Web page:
Kendrick Lamar Robbed by Macklemore but does it really matter?

Sunday, January 26th, was the night of the much-anticipated Grammy Awards Ceremony. Each year, individuals and record labels from across the U.S. submit nominations to the Academy of Recording Arts and Sciences in order to honor “artistic achievement, technical proficiency and overall excellence in the recording industry, without regard to album sales or chart position.”

This year, the Grammys saw a controversial winner for Best Rap Album. After sifting through submissions, the Academy boiled public input and their own judgement down to four nominees: Drake’s Nothing was the Same, Jay-Z’s Magna Carta Holy Grail, Kanye West’s Yeezus, Macklemore and Ryan Lewis’ The Heist, and a likely frontrunner, Kendrick Lamar’s Good Kid, M.A.A.D City. After deliberation, the Academy decided to award Best Rap Album to Macklemore and Ryan Lewis’ The Heist, sparking widespread public outcry. Although The Heist has its merits as a respectable rap release, to many viewers the Academy’s decision seemed to be wide of the mark. In response to the uproar – and perhaps some level of personal guilt – Macklemore Instagrammed a picture of a text apparently sent to Kendrick Lamar’s phone that read: “You got robbed, I wanted you to win. You should have. It’s weird, I robbed you.” Macklemore’s response to the Academy’s decision, sincere or not, removed his culpability from the final verdict. Yet despite this respectful gesture, viewers continued to protest The Heist’s title of Best Rap Album of 2013.

Did Kendrick Lamar deserve the title over Macklemore? Probably. Good Kid, M.A.A.D City was filled with new sounds and styles while still maintaining the classic west coast hip-hop feel. Perhaps even more impressively, Kendrick Lamar delivered a very socially conscious message about the struggles of growing up in Compton, California, by outlining a day in the life of the forgotten youth. While Macklemore did have several impressive songs on The Heist’s track list, including the international sensation “Thrift Shop,” it failed to demonstrate any cohesiveness throughout the listen. With all the commotion surrounding the Academy’s decision, we have forgotten the real question we should be asking ourselves: why should we care?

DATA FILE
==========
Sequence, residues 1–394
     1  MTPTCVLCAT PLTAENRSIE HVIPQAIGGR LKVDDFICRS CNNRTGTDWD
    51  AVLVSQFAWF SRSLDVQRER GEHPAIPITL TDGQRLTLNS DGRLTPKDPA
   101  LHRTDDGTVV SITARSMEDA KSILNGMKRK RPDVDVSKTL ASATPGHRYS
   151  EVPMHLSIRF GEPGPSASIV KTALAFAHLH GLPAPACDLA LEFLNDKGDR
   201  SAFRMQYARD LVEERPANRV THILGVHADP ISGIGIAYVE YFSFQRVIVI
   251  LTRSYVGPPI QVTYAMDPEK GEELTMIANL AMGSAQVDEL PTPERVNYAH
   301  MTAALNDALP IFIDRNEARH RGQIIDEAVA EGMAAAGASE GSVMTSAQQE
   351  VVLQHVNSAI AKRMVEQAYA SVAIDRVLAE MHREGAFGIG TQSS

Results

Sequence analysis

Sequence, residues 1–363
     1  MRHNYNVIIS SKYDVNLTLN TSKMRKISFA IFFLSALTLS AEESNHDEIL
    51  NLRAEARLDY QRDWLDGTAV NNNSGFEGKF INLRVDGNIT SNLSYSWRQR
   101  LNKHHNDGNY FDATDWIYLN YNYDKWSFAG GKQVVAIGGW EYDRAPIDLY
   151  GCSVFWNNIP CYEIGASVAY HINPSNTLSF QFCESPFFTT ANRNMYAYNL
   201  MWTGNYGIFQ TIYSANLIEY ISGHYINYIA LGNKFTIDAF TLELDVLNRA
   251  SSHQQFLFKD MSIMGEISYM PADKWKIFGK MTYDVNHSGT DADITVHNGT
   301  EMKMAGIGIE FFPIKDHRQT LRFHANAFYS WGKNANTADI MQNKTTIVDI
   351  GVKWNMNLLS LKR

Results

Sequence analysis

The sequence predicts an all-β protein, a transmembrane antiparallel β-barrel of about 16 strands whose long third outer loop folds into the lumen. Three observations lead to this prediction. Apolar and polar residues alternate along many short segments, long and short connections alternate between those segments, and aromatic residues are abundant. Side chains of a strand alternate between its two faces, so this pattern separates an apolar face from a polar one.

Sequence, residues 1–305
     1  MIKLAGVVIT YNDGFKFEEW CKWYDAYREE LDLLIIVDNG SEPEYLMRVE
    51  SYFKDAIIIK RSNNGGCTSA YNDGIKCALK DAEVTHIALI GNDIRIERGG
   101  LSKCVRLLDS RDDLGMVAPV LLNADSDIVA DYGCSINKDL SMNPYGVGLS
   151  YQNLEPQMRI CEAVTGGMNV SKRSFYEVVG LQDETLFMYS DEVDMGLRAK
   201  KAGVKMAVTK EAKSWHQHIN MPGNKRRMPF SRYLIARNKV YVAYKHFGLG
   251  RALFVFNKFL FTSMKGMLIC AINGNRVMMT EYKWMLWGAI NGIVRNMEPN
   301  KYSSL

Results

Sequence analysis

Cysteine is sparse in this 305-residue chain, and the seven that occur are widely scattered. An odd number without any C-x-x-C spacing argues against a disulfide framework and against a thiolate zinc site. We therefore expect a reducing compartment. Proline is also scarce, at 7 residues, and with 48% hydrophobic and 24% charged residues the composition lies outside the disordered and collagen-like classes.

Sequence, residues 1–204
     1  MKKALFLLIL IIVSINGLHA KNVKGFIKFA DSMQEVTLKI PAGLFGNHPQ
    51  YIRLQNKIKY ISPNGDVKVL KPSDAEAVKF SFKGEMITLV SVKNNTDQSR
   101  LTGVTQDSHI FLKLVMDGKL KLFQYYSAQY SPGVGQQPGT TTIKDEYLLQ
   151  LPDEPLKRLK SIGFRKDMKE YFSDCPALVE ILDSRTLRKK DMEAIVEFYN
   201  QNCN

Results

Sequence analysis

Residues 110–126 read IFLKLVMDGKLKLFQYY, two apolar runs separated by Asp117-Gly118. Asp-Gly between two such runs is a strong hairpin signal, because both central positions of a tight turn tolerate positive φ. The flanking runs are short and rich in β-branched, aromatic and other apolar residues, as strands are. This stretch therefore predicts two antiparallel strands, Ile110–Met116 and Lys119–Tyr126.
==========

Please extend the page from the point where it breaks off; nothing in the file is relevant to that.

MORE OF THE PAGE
The Grammys have recognized the category of Best Rap Album since 1996, when Naughty by Nature won the title for their work in Poverty’s Paradise. Rap’s recognition as a genre was long overdue, as it has existed since as early as the late 1970s. This late appreciation, coupled with the Academy’s inability to capture the taste and judgement of the average rap listener, is indicative of the lack of relevance the Grammys have in hip-hop. Why should Kendrick Lamar and the like seek recognition from the Academy? Rap artists have historically sought accolades through institutions such as XXL and The Source Magazine. The Source’s Five-Mic recognition system has honored and ranked the best rap albums of the time since 1988. While these publications have continued to prize hip-hop releases based on the rapper’s lyrical ability, flow, and production, the Grammy’s seem to brush over the nominees and reward the album with the highest amount of radio success.

The Grammys is just one example of how the mainstream media has yet to accept and understand hip-hop as a genre. Perhaps this transition will occur as rap matures; however, it is clear that up until now the judgement of the Academy of Recording Arts and Sciences holds little water amongst rap listeners.

Oliver Foster

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